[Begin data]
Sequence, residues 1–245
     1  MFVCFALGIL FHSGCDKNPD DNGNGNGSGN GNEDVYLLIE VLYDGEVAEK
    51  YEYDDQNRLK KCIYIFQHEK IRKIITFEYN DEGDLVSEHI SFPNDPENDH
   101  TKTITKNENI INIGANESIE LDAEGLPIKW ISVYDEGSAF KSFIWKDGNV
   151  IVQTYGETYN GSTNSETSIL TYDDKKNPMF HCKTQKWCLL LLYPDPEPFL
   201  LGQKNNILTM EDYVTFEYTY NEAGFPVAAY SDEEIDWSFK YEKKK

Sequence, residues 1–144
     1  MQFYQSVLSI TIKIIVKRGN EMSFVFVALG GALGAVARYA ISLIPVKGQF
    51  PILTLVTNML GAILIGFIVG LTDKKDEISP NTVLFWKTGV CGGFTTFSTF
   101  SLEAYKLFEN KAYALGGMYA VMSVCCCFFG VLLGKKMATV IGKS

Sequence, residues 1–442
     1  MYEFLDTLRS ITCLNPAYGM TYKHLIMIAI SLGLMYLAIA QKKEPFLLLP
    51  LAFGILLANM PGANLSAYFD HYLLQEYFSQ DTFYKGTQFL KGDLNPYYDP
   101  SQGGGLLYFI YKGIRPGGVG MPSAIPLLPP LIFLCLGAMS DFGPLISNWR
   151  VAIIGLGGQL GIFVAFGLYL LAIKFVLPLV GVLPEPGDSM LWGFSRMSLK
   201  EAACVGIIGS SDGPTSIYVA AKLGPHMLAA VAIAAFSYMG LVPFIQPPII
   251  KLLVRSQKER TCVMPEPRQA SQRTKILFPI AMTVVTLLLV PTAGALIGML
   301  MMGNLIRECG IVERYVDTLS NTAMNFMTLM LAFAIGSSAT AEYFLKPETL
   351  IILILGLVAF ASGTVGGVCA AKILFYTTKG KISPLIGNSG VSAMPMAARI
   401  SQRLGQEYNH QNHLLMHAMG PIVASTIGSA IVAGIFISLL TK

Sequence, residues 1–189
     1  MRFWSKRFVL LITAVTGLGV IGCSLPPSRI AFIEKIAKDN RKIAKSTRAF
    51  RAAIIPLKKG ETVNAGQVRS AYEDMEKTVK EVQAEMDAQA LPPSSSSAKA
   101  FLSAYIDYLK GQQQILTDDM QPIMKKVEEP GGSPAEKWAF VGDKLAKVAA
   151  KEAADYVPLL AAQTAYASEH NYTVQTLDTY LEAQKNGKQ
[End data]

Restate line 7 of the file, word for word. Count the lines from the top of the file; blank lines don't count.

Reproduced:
Sequence, residues 1–144